The Floating Islands of Lake Titicaca
Stepping off the boat onto the floating bed of reeds was a strange sensation and the spongy feeling under our feet didn’t exactly instil confidence that we would stay afloat. We had reached our destination of the Uros Islands in Southern Peru. Floating gracefully on top of the highest lake in the world are forty or so man-made reed beds that are home to the amazing Uros people of Lake Titicaca. They are pre-Incan people with an almost self sufficient lifestyle, on these most unusual of homes.
Why would you live on a mass of floating reeds when you have a mountain of fertile grounds to inhabit, I hear you ask? Well, these people, shy and peaceful by nature started to form their watery homes as a defence from the more aggressive Incas. Not to fight but to escape and live in peace. The Uros then began trading with the Aymara people from the mainland and began to mingle in other ways too! As a result, they eventually lost their Uros language and adopted the stronger Aymara tongue.
It is astonishing how fundamental reeds are to their daily lives. Not only do they form the very ground on which they walk on, but their houses, boats, fuel and even food all come from the reeds. Eating the soft white part of the root provides them with key nutrients and prevents rheumatism and arthritis. Other resourceful techniques include dehydrating potatoes and storing them, which can last from five to ten years and a handy fish farm in the centre of the island. Yet, these people are not ignorant to the outside world and as useful as their pre-Inca techniques are, they do require regular trips to the mainland to replenish stocks.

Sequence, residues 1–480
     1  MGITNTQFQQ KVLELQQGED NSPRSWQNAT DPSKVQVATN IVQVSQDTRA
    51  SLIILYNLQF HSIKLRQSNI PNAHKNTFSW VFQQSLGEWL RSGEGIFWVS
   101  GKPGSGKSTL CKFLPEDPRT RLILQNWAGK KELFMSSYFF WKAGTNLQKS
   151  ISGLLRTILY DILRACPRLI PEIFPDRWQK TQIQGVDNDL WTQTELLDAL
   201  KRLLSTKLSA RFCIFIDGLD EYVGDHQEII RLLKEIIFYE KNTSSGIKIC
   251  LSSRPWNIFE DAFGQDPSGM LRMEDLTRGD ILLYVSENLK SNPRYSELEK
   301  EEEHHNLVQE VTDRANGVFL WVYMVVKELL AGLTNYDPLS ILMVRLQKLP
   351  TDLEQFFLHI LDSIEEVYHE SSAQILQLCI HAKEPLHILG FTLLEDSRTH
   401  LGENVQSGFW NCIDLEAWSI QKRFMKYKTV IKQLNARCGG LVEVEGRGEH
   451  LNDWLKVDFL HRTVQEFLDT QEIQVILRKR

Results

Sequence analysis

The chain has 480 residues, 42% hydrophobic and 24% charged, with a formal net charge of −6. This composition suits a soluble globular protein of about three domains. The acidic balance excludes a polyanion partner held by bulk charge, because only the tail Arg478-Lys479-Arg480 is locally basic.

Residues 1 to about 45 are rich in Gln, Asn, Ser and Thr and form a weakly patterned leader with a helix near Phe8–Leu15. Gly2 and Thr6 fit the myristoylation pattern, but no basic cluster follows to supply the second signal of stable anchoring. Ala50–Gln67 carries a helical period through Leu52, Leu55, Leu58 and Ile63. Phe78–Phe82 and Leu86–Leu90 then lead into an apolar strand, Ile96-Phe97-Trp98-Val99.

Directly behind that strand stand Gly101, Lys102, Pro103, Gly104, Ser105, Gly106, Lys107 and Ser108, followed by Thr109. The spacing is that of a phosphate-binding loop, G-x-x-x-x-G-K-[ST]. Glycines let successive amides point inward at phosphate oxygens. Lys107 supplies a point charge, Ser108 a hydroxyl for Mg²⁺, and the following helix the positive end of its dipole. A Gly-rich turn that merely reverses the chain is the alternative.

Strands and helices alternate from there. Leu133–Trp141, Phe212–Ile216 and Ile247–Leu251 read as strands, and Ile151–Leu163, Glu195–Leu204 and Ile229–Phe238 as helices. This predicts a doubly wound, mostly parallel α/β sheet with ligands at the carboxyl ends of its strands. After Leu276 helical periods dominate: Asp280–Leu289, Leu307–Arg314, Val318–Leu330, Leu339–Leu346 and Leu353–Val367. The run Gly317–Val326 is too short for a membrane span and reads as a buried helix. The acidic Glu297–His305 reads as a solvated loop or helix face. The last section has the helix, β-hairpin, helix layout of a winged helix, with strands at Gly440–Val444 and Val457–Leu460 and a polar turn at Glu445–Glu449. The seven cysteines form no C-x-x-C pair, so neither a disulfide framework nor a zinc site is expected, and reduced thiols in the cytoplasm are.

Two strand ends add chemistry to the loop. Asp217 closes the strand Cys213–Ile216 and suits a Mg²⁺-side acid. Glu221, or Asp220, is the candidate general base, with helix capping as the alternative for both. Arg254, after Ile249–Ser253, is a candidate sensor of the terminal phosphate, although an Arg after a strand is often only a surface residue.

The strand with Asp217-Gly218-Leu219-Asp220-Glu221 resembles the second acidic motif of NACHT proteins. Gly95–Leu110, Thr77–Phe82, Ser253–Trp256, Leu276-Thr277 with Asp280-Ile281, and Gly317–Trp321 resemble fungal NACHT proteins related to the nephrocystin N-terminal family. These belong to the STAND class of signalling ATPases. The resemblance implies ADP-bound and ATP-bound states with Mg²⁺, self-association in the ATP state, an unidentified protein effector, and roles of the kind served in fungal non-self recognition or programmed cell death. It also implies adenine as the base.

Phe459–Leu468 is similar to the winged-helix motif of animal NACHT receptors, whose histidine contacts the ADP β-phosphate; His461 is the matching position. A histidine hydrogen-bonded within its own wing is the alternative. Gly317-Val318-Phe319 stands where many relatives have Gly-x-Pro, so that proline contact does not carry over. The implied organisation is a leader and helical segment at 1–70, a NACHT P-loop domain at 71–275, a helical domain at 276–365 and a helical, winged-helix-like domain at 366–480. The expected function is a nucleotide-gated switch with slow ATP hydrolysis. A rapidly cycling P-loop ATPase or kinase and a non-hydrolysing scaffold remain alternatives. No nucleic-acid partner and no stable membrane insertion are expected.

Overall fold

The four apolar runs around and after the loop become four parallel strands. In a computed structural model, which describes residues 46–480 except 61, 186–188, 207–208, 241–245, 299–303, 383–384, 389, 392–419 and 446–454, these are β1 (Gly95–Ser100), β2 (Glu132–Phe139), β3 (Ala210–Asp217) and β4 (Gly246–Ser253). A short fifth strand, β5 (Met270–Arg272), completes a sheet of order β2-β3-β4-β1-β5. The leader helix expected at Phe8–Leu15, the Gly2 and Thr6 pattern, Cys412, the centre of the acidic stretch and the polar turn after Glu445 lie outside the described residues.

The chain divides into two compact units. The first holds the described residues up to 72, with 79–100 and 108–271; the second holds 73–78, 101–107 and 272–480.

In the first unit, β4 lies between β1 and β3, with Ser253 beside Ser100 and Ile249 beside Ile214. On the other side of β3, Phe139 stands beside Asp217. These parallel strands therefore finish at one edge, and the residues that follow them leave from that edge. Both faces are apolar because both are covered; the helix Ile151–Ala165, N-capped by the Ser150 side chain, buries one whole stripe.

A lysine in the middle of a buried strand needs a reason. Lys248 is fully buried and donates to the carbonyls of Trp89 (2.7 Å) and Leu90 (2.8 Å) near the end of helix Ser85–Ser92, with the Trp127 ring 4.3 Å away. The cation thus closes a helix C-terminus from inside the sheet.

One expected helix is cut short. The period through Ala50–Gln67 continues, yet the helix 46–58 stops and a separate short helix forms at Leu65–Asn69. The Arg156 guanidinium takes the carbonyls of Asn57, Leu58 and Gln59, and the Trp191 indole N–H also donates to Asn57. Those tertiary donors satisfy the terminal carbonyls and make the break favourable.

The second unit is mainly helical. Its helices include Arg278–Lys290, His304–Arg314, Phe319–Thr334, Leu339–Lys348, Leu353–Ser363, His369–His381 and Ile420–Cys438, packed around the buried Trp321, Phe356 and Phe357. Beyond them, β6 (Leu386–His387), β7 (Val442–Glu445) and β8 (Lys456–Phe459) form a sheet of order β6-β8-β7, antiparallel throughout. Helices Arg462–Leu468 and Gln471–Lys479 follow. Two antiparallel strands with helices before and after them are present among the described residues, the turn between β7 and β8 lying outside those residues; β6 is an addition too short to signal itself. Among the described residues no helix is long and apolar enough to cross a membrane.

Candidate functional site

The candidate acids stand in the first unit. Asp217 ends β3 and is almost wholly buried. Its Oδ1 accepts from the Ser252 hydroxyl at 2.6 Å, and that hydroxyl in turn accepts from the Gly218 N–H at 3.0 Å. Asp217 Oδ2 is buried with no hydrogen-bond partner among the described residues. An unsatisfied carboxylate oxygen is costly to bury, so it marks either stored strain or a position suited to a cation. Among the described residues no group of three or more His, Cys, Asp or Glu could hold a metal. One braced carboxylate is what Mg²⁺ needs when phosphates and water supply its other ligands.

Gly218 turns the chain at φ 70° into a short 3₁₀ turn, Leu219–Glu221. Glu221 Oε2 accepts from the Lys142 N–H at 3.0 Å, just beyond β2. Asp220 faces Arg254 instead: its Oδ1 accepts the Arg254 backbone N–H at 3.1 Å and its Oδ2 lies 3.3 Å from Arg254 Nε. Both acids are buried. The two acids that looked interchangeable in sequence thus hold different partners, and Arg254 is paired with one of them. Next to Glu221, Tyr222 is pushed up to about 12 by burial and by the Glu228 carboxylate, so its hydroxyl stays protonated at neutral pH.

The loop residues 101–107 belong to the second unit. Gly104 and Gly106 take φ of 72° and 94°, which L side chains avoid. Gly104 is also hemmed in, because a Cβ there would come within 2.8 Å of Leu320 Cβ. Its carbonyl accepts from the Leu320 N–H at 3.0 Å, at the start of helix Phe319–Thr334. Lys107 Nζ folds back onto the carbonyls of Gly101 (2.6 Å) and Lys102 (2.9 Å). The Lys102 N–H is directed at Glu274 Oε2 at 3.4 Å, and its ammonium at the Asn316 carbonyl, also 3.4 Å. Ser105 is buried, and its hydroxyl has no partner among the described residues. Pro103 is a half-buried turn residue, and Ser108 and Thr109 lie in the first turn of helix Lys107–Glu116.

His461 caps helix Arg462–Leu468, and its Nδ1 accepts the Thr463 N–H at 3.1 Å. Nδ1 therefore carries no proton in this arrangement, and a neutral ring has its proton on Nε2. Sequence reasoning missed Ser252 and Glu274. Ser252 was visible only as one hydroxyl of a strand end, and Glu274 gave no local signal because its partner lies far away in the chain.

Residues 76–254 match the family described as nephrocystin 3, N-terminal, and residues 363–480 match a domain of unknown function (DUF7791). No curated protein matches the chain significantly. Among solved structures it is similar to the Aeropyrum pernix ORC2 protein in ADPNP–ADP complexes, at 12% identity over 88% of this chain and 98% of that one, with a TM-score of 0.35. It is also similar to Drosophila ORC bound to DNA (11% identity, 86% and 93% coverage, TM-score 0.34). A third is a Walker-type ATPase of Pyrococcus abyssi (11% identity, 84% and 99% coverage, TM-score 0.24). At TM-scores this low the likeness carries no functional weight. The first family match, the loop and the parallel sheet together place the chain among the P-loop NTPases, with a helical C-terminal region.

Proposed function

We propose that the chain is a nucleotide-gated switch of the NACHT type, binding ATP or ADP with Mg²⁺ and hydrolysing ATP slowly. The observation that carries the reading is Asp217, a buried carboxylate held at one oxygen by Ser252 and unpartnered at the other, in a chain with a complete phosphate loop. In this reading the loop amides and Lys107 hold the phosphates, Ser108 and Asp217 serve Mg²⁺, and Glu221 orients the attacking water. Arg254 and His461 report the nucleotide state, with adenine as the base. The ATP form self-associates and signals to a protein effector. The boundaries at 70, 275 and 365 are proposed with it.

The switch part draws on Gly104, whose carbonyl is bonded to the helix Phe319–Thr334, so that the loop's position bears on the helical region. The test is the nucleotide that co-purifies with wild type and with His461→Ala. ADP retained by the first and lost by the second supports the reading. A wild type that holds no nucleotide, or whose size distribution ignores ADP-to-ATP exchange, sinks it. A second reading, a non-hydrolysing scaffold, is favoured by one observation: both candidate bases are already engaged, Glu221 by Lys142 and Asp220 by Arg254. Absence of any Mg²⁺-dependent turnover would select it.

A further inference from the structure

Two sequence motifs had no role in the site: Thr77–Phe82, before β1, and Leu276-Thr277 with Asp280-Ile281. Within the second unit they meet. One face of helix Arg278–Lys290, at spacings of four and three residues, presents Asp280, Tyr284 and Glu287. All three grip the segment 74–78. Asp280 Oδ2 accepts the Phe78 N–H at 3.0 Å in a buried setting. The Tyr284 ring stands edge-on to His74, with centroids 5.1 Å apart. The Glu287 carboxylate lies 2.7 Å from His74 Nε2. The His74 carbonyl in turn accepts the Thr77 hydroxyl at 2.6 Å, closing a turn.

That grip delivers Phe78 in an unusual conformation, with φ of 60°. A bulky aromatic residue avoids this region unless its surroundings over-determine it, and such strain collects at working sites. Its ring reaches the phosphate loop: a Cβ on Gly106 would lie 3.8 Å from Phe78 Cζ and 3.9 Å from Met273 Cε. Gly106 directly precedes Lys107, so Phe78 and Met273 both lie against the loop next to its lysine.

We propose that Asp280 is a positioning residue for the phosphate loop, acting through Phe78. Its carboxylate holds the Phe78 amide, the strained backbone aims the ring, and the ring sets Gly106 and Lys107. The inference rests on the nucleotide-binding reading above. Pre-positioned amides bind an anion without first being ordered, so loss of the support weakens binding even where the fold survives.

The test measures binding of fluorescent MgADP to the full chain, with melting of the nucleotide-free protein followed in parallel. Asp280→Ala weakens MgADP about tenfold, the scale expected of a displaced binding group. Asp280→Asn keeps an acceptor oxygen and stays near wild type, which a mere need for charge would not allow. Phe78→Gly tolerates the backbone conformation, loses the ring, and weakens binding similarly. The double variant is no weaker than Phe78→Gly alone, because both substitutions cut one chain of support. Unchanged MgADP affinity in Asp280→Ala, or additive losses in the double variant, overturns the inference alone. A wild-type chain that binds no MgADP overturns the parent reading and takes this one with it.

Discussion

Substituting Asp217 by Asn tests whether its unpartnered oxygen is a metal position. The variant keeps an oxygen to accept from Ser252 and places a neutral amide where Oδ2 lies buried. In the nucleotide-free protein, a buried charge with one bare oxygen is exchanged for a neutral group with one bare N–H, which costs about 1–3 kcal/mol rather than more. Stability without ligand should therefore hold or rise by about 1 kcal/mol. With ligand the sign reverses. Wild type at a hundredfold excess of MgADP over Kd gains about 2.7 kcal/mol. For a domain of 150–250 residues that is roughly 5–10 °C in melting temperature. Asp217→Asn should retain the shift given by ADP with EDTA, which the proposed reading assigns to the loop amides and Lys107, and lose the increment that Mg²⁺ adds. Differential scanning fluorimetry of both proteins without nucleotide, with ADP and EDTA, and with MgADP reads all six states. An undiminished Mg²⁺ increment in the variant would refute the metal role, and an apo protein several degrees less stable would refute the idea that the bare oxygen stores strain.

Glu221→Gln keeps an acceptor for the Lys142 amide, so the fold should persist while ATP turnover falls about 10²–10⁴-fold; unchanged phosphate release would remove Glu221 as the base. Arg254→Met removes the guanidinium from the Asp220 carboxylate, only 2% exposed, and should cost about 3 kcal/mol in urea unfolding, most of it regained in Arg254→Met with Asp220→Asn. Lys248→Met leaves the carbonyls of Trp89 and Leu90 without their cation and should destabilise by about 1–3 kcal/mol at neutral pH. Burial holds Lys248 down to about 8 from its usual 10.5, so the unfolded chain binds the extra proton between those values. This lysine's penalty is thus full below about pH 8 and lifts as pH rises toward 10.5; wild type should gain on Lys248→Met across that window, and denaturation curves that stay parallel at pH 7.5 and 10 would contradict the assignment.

These days, the growing tourism industry has changed their lives everlastingly; the government now provides them with help for the increasing number of tourists visiting the islands and they now have solar panels for electricity, floating schools and even medical centres. In today’s commercial world, more and more Uros children are being tempted by the lights of the city across the mainland, and it is for this reason the Peruvian government have taken a strong interest in their welfare. After all it would be a damn shame if this unique culture disappeared forever.
As they demonstrated how they construct their islands while trying to sell us a plethora of artisan wool and reed souvenirs, I wondered if we were getting a truly authentic insight into their way of life like we did with the Cha’lla community in Sun Island, on the Bolivian side of the Lake. However, don’t let this distract you from the magnificent wonder, where these timid people have decided to call home since the Inca Empire. There is a subtle beauty in their way of life. I felt lucky enough to witness a small glimpse of it as we sailed off on the most beautifully handcrafted boat I’ve ever seen.
Next destination for Harry and I is the mighty Inca Empire itself, so check out the blog next week as we venture high into the Andes to trace their footsteps and meet the people who now reside there.
Photos by Harry Dowdney
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